Be sure to check out How To Homeschool For Free In Reading & How To Homeschool For Free In Math too!
You might be blessed with a knack for good spelling. You might not. My husband & I are both naturally good spellers, so it has been challenging to have a student who struggles. I tend not to make a big deal of it, but rather just correct her spelling as I evaluate writing projects. This year, though, she’s getting more direct spelling lessons… and the best part is that it’s FREE!
Here are some options for free spelling lessons:
Spelling City is an easy-to-navigate site for finding pre-made spelling lists. You can print out the list or you can let your child do it online. There are games and printable handwriting practice sheets, as well. There is also a paid version, but the free version really has a lot to offer too. We have done this website in the past & the kids really enjoyed it.
Home Spelling Words offers basic word lists & tests for grades K-7. You can also add your own lists! It also keeps tests scores and a grade report. This looks like it might work for kids who get distracted by lots of colors and flashing lights on the screen. It’s a basic, easy to use (with tutorials if you need them) program.
The Basic Cozy Spelling Course is offered for free from Splashes from the River. It is for ages 9 & up, as you will see if you check out the word lists. This is a course that is designed to go in a specific order, so if you pick and choose lessons, you might miss out on something. It has word lists and dictation sentences for applying context to the list words.
Garden of Praise has Bible-based spelling lessons as well as some musical spelling lessons complete with MIDI files to accompany you. This really is a garden of resources for homeschool parents. Browse around and see if there is something else you might use.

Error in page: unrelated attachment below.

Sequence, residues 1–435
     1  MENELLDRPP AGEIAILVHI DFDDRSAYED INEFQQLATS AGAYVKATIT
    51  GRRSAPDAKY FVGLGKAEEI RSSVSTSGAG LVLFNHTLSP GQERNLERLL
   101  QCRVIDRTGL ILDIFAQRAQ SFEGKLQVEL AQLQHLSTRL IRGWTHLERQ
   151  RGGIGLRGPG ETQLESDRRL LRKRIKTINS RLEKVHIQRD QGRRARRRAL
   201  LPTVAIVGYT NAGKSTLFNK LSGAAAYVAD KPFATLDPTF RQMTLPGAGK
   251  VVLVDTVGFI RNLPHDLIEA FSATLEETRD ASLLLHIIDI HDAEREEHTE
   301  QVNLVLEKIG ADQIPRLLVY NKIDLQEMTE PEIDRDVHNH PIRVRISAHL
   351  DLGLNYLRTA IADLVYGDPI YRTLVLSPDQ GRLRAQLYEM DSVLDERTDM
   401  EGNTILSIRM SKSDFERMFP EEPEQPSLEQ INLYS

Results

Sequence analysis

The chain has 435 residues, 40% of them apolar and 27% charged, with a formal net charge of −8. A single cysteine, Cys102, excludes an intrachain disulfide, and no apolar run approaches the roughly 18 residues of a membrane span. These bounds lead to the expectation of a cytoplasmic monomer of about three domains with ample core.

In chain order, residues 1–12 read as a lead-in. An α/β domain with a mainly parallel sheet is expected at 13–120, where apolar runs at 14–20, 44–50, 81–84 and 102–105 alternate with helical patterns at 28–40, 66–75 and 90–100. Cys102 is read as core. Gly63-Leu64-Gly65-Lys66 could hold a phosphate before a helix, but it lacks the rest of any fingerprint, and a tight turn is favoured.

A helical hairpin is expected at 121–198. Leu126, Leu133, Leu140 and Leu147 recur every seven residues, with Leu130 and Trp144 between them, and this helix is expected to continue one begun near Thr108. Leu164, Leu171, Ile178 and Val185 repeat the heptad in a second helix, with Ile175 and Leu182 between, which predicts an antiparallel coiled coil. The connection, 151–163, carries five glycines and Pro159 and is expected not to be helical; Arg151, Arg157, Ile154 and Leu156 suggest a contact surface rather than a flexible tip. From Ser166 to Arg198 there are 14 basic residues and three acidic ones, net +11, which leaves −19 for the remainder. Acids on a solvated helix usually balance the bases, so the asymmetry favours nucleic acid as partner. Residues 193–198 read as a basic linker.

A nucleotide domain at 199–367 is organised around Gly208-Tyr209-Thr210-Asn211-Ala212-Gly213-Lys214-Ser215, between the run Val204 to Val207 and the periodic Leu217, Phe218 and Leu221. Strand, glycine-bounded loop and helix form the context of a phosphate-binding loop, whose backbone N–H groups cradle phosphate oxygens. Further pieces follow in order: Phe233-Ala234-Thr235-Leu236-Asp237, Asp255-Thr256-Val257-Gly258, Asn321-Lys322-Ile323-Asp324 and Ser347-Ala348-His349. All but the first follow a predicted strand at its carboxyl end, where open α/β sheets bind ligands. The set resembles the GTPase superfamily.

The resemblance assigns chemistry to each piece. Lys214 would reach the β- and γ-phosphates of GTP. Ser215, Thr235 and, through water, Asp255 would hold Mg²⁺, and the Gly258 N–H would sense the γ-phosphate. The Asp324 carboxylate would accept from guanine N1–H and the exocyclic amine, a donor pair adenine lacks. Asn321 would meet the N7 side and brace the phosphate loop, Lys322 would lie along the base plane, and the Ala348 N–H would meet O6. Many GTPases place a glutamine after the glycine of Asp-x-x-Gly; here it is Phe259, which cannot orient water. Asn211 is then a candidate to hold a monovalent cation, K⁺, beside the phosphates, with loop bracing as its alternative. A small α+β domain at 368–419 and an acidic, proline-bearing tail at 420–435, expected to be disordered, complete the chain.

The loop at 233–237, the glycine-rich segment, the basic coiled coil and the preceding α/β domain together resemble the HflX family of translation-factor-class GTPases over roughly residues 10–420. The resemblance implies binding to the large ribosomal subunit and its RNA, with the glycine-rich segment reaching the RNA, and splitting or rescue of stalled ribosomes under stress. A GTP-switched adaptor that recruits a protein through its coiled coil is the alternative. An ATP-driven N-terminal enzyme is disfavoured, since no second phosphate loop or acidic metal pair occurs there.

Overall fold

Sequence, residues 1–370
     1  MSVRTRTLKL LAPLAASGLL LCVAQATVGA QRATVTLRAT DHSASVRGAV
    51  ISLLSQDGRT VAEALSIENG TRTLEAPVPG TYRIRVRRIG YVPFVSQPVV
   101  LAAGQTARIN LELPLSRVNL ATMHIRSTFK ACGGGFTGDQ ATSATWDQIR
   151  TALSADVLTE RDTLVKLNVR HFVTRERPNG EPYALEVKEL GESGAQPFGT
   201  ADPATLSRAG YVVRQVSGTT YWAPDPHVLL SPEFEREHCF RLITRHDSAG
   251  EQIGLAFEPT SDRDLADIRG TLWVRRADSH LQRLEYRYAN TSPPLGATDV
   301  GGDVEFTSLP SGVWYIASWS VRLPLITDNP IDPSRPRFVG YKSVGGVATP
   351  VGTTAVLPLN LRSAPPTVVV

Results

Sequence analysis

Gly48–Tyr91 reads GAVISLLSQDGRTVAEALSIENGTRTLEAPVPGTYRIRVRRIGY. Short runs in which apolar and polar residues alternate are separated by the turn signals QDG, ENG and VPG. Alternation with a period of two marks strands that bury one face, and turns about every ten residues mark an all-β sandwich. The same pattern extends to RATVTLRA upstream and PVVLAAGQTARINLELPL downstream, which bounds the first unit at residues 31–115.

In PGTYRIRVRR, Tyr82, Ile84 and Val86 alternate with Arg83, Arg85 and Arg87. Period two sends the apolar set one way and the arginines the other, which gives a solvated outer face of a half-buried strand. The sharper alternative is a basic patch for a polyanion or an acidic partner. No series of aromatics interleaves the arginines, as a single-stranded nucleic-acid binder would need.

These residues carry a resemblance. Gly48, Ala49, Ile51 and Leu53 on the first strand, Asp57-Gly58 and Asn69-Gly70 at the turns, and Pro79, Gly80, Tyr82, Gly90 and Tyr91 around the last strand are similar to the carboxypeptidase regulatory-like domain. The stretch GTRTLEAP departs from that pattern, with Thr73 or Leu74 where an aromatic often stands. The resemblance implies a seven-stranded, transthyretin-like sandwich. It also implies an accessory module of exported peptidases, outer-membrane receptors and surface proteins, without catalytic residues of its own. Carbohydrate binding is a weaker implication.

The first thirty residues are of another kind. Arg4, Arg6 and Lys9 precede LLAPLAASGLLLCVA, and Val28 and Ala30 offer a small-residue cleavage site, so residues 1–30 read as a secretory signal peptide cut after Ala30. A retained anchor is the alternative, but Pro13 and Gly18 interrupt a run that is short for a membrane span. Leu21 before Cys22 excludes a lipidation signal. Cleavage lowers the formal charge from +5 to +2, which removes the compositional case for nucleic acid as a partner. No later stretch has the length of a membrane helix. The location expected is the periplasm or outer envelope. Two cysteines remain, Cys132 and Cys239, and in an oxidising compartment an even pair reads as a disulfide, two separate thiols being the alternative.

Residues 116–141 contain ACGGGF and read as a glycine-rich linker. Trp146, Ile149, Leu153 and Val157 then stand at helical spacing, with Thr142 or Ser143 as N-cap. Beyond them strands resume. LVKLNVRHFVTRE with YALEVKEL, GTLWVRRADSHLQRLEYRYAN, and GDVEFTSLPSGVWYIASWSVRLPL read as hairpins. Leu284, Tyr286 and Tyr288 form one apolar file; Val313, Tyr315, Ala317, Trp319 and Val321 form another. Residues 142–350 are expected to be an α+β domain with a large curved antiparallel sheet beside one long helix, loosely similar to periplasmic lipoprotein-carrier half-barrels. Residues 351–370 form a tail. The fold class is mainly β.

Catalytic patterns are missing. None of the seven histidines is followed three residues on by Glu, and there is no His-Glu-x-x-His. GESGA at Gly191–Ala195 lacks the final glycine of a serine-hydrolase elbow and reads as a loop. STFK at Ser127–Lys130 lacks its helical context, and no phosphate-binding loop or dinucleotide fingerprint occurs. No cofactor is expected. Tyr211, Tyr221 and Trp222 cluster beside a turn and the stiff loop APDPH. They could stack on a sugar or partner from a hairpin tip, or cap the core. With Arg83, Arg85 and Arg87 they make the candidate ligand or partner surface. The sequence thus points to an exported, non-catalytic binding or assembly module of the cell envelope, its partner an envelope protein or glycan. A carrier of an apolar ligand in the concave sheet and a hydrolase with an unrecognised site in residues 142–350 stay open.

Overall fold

Big IQ Kids has free spelling lists for grade levels 1-8. The student earns a coin for each lesson completed. The coins are good for spending in the game section, which are spelling related games. Some games are more than 1 coin, so kids have to choose between saving and spending. The graded lessons are emailed to you if you choose that option from the report card. This site also has free math fact practice, name the US states, and a virtual spelling bee with kids across the world, or in your own neighborhood! Overall, it seems that this site has some features for free (like grading & report cards) that other sites charge for. They do offer a paid version, but I think the free one is sufficient. (Please note that, for me, this website worked much better on FireFox than on Safari.)
KidsSpell has 412 spelling lessons. There are games for all levels of spelling ability. No registration is required, just click and spell. And according to the website, “Completing all 412 lessons will take approximately 10 years if completed at a pace of one per week. They can be completed even faster if students work on them through the Summer.” This website is a part of the Kids Know It network which has numerous sited dedicated to making learning fun.
If you are more inclined to skip the online lessons and get back to basics, try the Charlotte Mason style of learning spelling rules while doing copy work. SimplyCharlotteMason.com describes how to use living books, classics, or your normal textbooks to use “prepared dictation” to introduce spelling & vocabulary.
You can use this Puzzle Maker page to create fun word game printables while using your own lists. For example, if you are doing a literature unit from Garden of Praise on the Boxcar Children Books, you can take the phonograms (rhyming word families) listed and make a puzzle out of them. Some kids won’t even know they are learning!
Master Spell administers spelling drills using over 3,600 included words and sentences spoken with a real voice and supplemental guidance using the Mac’s Text-to-Speech. Parents and teachers can record their own words and sentences too.
I think there is something here for every kind of learner. Whether you want pencil-and-paper style, literature unit lists, or interactive online lessons, it’s here. Please comment if you have another one that has worked for you!